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The rise of Women's Movements during the French Revolution

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Mr Cheadle

on 10 April 2018

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Transcript of The rise of Women's Movements during the French Revolution

Although French public opinion toward women as a whole tended toward the patriarchal, many French women had different ideas and were actively involved in all parts of the Revolution. Regardless of public opinion, women made many important strides to demonstrate their independence during this time of political change.
The rise of Women's Movements during the French Revolution
What role did women play in the French Revolution?
The Women's March on Versailles
Develop a FACTUAL question, a CONCEPTUAL question and a PROVOCATIVE question about the role of women in the French Revolution.
Donut Discussion
Olympe de Gouges published the "Declaration of the Rights of Woman and the Female Citizen" in 1791 as a counterpart to the famous revolutionary document that focused specifically on the rights of men. De Gouges is a symbol not only for France's growing feminism, but also for the Revolutionary opposition to changing gender roles. The Jacobin Club, one of the most influential political groups during the Revolution, executed de Gouges in 1793 and outlawed female political clubs on the grounds that women belonged in the private sphere of family rather than in the world of politics.
Olympe de Gouge
Liberty Leading the People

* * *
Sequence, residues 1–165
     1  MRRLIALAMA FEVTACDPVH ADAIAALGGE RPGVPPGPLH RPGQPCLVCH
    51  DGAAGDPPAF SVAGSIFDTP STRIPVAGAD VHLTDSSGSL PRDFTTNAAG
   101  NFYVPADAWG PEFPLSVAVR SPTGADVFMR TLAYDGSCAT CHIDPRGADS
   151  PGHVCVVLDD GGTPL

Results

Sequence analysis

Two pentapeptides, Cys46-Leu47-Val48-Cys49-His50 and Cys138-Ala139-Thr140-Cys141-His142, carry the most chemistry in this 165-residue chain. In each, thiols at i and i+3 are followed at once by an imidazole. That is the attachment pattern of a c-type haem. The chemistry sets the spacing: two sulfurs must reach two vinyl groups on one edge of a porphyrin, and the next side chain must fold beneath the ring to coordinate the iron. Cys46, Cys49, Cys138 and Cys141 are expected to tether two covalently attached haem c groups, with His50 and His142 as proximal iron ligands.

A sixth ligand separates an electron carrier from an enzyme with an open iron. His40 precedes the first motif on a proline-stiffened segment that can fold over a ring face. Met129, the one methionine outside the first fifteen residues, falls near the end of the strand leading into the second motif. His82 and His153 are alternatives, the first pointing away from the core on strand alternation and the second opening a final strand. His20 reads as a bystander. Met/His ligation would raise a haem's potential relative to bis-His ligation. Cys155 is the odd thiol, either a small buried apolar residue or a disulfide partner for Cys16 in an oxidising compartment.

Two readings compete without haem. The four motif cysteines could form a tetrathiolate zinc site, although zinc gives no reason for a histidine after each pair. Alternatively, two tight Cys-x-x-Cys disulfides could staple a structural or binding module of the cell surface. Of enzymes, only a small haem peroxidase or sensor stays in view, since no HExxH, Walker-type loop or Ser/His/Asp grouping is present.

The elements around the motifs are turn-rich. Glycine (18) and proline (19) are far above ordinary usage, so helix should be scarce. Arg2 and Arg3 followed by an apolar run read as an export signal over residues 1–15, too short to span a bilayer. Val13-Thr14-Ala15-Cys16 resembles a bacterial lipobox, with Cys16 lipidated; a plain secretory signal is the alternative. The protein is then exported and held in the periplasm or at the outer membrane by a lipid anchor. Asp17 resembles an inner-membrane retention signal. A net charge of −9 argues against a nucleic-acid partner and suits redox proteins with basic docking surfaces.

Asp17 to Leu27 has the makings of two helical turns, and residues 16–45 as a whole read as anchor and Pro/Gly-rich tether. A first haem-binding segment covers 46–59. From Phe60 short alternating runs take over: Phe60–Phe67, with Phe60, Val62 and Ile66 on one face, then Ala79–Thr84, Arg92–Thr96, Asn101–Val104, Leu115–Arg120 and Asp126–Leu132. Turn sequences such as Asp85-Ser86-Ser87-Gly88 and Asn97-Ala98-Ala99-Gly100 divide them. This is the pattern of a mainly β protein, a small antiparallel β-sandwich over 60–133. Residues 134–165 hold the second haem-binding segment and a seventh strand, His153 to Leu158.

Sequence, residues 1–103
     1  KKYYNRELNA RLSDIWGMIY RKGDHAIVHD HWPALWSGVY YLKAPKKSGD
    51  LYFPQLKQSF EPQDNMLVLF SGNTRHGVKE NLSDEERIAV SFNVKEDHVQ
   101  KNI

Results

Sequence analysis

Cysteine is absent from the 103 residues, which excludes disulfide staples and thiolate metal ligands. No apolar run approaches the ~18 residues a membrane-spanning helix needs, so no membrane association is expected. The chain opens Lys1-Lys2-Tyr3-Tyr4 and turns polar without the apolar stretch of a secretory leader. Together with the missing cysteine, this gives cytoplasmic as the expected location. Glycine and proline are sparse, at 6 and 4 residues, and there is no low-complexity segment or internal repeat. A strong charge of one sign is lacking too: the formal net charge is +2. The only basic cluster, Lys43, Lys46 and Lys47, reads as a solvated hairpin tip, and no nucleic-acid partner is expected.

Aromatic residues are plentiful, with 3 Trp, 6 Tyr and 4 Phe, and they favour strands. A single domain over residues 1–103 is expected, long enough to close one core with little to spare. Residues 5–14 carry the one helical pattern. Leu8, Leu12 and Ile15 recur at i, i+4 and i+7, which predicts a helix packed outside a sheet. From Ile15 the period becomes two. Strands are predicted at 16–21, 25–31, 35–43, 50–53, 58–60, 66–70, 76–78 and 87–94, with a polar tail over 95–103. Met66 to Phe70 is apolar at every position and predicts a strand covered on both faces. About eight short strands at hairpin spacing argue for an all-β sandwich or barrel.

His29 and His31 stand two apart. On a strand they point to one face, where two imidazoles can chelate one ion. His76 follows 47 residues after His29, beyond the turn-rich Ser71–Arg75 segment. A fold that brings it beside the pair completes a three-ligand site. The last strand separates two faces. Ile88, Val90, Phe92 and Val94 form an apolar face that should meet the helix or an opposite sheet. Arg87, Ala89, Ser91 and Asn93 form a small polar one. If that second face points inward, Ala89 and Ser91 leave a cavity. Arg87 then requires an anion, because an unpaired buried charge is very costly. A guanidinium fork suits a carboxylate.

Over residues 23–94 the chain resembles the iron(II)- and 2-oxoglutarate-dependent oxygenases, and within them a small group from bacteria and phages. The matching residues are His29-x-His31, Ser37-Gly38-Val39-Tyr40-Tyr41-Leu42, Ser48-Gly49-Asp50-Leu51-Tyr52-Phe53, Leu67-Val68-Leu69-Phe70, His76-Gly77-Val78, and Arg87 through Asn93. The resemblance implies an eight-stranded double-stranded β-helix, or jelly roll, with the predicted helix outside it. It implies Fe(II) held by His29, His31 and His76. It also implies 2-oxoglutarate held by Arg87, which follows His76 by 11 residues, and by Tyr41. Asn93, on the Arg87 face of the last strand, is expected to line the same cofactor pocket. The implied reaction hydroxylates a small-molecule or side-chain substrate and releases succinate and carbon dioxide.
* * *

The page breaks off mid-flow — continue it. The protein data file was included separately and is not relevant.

Many women attempted to participate in revolutionary activities, although this was met with mixed success. In a successful group of political action by women, a large group of angry women gathered for the March to Versailles, an early event in the Revolution that was brought about by bread shortages causing hunger and hardship for ordinary citizens. The March happened soon after the fall of the Bastille in 1789, and the female protestors were eventually joined by a group of men outside the palace.
On October 5, 1789, a crowd of more than seven thousand women—fish sellers and bakers, working women from the markets, bourgeois “bonnet-wearing” women from the suburbs—marched the twelve miles from Paris to Versailles to demand King Louis XVI release his stores of grain. The march had been planned at the Palais Royal by a group of women who were furious over food shortages, especially after rumors that the king had thrown a lavish feast for his bodyguards only days before.

1. Discuss the similarities and differences between 'The Rights of Man and Citizen' and de Gouges' 'The Rights of Woman and the Female Citizen'

2. What are the revolutionary aspects of de Gouges' declaration?

3. How effective do you think de Gouges' declaration was?

4. Discuss the relevance of the role of women during the French Revolution to today's world.
The assassination of Marat

Marat, friend of Robespierre, Jacobin deputy to the Convention, and editor-in-chief of L'Ami du Peuple, was a fiery orator. Marat’s newspaper, written single-handedly and published several times a week, was enormously popular with the working people of Paris. The appeal of L’Ami du Peuple was derived not from its political ideas but its focus and tone. Every edition claimed to expose some scandal or conspiracy; every copy launched a scathing new attack on perceived enemies of the people.
On July 13, 1793, a young Royalist from Caen, Charlotte Corday, managed, by a clever subterfuge, to gain entry into his apartment. When Marat agreed to receive her, she stabbed him in his bathtub, where he was accustomed to sit hour after hour treating the disfiguring skin disease from which he suffered.

1. What is the artist's message about Marat?

2. Why do you think the assassin Charlotte Corday is not included in this painting?

3. What does the death of Marat prove about the role of women in the French Revolution?
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